Uber India Systems Pvt. Ltd. Vs. Competition Commission of India Ors.
[Civil Appeal No. 641 of 2017]
[Civil Appeal No. 7012 of 2019 arising out of Diary No. 3043 of 2017]
R. F. NARIMAN, J.
Having heard lengthy arguments of Shri Dhruv Mehta, learned senior counsel appearing for the appellant, and Shri Raju Ramchandran, learned senior counsel appearing on behalf of the respondent, we are of the view that interference in these appeals is not called for. The only reason we do so is because we were shown, as part of information that was provided, the following statement:
“23. Uber’s discount and incentive offered to consumer pale in comparison with the fidelity inducing discounts offered to drivers to keep them attached on its network to the exclusion of other market players. Uber pays drivers/car owners attached on its network unreasonably high incentives over and above and in addition to the trip fare received from the passengers.
A summary of the incentives provided to one fleet owner attached to Uber’s network, having 4 cars, which were driven by 9 drivers is reproduced below.
1st June to 28th June
Billed to Consumer (Uber’s Collection from Consumer)
Operates Earning [Car Owner’s Earning]
Operator’s Share out of Consumer Revenue Service Tax
Surcharges Tolls Reimbursed
Incentives Received from Uber
Operator’s net earning
Revenue Share (Out of Fare and Surge)
Incentives Paid to Drivers
Net earning (loss)
Revenue shares (out of Fare and Surge)
Incentives Paid to Drives
Net earning (Loss)
Per trip Consumer revenue
Per trip Uber Net Loss
In light of the abovementioned statement, it can be seen that Uber was losing Rs.204 per trip in respect of the every trip made by the cars of the fleet owners, which does not make any economic sense other than pointing to Uber’s intent to eliminate competition in the market.
Copies of the statements of aforesaid fleet owners’ along with a summary for the period June 1 to June 28,2015 is annexed herewith as Annexure A-15 Colly.” Based on this information alone, we are of the view that it would be very difficult to say that there is no prima facie case under Section 26(1) as to infringement of Section 4 of the Competition Act, 2002. Section 4 is set out hereinbelow:
4. Abuse of dominant position.-
(1) No enterprise or group shall abuse its dominant position.
(2) There shall be an abuse of dominant position under sub-section (1), if an enterprise or a group,–
(a) directly or indirectly, imposes unfair or discriminatory-
(i) condition in purchase or sale of goods or service; or
(ii) price in purchase or sale (including predatory price) of goods or service.
Explanation.- For the purposes of this clause, the unfair or discriminatory condition in purchase or sale of goods or service referred to in sub-clause (i) and unfair or discriminatory price in purchase or sale of goods (including predatory price) or service referred to in sub-clause (ii) shall not include such discriminatory conditions or prices which may be adopted to meet the competition; or
(b) limits or restricts-
(i) production of goods or provision of services or market therefor; or
(ii) technical or scientific development relating to goods or services to the prejudice of consumers; or
(c) indulges in practice or practices resulting in denial of market access in any manner; or
(d) makes conclusion of contracts subject to acceptance by other parties of supplementary obligations which, by their nature or according to commercial usage, have no connection with the subject of such contracts; or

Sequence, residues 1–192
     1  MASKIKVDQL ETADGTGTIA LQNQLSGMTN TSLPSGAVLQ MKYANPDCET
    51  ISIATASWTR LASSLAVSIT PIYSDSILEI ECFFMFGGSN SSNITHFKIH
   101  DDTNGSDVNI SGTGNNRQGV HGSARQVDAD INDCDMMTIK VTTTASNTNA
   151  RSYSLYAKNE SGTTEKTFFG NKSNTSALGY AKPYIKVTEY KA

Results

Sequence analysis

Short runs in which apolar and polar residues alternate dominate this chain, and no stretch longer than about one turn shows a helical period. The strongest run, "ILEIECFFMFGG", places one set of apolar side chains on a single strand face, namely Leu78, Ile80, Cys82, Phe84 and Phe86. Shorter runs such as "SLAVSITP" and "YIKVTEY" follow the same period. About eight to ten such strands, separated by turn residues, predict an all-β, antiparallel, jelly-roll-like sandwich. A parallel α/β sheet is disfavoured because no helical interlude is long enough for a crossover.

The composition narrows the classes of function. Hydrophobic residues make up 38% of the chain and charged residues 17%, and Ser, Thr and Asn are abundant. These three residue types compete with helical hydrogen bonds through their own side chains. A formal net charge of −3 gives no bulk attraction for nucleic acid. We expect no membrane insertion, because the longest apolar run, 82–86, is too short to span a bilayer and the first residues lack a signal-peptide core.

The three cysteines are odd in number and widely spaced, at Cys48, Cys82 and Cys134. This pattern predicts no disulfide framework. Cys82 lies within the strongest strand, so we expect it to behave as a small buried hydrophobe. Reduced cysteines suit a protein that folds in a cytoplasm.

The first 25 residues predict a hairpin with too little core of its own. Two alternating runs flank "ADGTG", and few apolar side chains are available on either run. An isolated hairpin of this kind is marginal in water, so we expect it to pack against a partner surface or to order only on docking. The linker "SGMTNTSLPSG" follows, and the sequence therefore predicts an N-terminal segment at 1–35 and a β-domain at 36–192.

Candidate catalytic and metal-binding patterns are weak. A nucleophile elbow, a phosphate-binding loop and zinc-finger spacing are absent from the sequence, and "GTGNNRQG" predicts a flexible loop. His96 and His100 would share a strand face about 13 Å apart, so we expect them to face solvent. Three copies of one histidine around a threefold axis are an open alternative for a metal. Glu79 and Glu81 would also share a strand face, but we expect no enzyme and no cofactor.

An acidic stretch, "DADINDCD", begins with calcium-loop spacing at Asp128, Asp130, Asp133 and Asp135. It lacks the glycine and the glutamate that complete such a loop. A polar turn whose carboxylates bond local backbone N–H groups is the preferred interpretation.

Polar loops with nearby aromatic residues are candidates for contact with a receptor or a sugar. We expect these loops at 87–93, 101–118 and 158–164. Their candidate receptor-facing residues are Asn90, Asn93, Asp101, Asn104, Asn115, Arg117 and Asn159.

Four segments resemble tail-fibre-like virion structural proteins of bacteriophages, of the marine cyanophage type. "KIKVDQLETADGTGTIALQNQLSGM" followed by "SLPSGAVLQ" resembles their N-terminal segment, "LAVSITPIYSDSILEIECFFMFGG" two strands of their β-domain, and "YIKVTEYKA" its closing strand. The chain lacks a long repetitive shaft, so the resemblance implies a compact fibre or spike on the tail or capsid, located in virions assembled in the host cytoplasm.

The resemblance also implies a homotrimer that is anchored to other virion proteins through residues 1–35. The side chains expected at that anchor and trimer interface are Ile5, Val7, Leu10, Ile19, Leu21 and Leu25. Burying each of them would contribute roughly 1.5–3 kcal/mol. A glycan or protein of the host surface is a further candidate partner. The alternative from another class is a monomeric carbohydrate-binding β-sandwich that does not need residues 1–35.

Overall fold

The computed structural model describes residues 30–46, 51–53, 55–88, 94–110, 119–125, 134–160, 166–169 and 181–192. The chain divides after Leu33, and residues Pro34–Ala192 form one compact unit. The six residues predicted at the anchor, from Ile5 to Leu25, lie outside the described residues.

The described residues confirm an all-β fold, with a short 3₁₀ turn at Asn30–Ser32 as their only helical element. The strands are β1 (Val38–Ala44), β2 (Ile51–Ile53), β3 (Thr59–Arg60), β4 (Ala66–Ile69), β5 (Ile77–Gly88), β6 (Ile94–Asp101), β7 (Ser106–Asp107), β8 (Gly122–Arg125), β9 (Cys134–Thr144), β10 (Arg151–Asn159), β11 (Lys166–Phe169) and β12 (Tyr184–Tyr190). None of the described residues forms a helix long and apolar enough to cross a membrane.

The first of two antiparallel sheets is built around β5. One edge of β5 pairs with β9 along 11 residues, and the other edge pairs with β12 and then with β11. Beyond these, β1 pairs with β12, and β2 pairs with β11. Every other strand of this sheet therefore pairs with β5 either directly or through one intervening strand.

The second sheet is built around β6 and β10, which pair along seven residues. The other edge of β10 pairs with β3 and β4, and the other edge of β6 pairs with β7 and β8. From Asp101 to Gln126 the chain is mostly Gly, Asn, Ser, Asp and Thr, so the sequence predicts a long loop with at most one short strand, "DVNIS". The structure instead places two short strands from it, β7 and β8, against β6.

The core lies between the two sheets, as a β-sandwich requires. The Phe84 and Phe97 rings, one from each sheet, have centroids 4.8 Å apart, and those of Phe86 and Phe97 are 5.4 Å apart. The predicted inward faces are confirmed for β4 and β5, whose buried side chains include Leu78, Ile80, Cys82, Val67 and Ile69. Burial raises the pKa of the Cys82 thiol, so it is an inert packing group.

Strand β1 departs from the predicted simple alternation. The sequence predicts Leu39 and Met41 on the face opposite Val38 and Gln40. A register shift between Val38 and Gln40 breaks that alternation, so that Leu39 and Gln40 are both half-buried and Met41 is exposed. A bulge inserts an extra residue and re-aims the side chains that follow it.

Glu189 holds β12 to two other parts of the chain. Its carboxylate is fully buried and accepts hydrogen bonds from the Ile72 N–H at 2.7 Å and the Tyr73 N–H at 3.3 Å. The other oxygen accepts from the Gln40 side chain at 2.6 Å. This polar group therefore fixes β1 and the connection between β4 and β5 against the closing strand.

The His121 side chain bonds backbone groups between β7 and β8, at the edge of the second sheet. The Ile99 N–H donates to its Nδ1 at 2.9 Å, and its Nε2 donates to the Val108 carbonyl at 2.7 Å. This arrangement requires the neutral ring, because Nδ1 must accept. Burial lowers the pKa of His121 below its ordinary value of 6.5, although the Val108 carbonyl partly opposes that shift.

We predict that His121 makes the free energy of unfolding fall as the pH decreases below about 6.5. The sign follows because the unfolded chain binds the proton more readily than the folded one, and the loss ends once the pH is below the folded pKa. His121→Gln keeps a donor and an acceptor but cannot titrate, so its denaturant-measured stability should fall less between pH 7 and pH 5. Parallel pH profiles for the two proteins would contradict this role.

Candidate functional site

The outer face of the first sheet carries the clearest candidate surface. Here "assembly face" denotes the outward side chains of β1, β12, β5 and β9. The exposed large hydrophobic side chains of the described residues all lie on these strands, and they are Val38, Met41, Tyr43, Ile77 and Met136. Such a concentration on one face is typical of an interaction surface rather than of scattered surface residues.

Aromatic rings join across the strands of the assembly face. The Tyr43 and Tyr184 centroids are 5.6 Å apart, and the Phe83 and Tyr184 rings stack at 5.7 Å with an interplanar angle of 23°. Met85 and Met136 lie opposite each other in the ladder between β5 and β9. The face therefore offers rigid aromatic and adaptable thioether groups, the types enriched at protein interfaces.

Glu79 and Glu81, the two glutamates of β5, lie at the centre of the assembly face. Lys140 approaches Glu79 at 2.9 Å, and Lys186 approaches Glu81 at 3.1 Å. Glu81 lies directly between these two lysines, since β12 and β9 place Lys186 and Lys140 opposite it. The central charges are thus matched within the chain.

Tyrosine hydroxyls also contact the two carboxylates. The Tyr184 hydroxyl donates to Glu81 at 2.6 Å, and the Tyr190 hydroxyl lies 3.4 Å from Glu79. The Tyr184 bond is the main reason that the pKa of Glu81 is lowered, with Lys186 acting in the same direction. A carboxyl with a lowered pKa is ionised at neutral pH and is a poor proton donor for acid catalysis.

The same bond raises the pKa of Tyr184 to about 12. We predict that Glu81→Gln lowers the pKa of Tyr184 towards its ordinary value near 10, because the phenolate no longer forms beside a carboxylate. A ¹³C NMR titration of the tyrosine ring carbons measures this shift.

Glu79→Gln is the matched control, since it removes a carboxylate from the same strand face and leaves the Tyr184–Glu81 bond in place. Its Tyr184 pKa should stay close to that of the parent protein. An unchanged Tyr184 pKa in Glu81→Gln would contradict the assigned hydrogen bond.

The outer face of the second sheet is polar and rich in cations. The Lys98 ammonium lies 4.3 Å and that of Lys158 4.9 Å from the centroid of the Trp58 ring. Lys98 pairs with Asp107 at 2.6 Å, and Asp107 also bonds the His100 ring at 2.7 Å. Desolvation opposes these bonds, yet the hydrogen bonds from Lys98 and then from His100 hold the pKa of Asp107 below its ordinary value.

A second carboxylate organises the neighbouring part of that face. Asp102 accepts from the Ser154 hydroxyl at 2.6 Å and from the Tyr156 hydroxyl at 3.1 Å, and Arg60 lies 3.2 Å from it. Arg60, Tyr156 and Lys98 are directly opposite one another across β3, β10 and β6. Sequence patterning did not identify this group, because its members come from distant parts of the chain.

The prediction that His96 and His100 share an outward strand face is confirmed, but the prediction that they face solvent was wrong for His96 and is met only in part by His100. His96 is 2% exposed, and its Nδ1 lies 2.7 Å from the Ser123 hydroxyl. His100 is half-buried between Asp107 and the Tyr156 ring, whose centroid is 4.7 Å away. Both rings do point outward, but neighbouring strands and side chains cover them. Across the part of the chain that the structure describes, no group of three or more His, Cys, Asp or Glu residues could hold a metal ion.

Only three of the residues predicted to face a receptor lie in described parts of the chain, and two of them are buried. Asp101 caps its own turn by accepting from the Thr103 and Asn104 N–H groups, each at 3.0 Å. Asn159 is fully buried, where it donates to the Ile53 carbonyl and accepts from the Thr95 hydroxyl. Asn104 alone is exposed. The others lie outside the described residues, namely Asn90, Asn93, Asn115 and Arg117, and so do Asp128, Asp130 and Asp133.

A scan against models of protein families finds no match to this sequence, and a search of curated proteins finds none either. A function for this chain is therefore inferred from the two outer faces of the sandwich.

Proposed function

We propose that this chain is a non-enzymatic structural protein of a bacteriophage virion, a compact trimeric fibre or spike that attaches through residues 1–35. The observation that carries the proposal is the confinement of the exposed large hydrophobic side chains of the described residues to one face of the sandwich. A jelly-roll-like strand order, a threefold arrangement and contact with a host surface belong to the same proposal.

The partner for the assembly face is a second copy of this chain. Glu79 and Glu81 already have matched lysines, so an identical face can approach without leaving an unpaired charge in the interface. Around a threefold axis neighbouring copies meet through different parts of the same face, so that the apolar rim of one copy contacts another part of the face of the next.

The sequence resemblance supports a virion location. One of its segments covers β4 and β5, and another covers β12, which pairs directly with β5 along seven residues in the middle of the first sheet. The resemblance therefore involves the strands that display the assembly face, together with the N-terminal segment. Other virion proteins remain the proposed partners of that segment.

(e) uses its dominant position in one relevant market to enter into, or protect, other relevant market.
Explanation.-For the purposes of this section, the expression-
(a) “dominant position” means a position of strength, enjoyed by an enterprise, in the relevant market, in India, which enables it to-
(i) operate independently of competitive forces prevailing in the relevant market; or
(ii) affect its competitors or consumers or the relevant market in its favour;
(b) “predatory price” means the sale of goods or provision of services, at a price which is below the cost, as may be determined by regulations, of production of the goods or provision of services, with a view to reduce competition or eliminate the competitors.
(c)”group” shall have the same meaning as assigned to it in clause (b) of the Explanation to section 5.” There are two important ingredients which section 4(1) itself refers to if there is to be an abuse of dominant position –
(1) the dominant position itself.
(2) its abuse. ‘Dominant position’ as defined in Explanation (a) refers to a position of strength, enjoyed by an enterprise, in the relevant market, which, in this case is the National Capital Region (NCR), which:
(1) enables it to operate independently of the competitive forces prevailing; or
(2) is something that would affect its competitors or the relevant market in its favour. Given the allegation made, as extracted above, it is clear that if, in fact, a loss is made for trips made,
Explanation(a)(ii) would prima facie be attracted inasmuch as this would certainly affect the appellant’s competitors in the appellant’s favour or the relevant market in its favour. Insofar as ‘abuse’ of dominant position is concerned, under Section 4(2)(a), so long as this dominant position, whether directly or indirectly, imposes an unfair price in purchase or sale including predatory price of services, abuse of dominant position also gets attracted.
Explanation(b) which defines ‘predatory price’ means sale of services at a price which is below cost. This being the case, on the facts of this case, on this ground alone, we do not think it fit to interfere with the order made by the Appellate Tribunal. The appeals are dismissed with no orders as to costs. The Director General is requested to complete investigation within a period of six months from today
…………………………….J. [R. F. NARIMAN]
…………………………….J. [SURYA KANT]
September 03, 2019.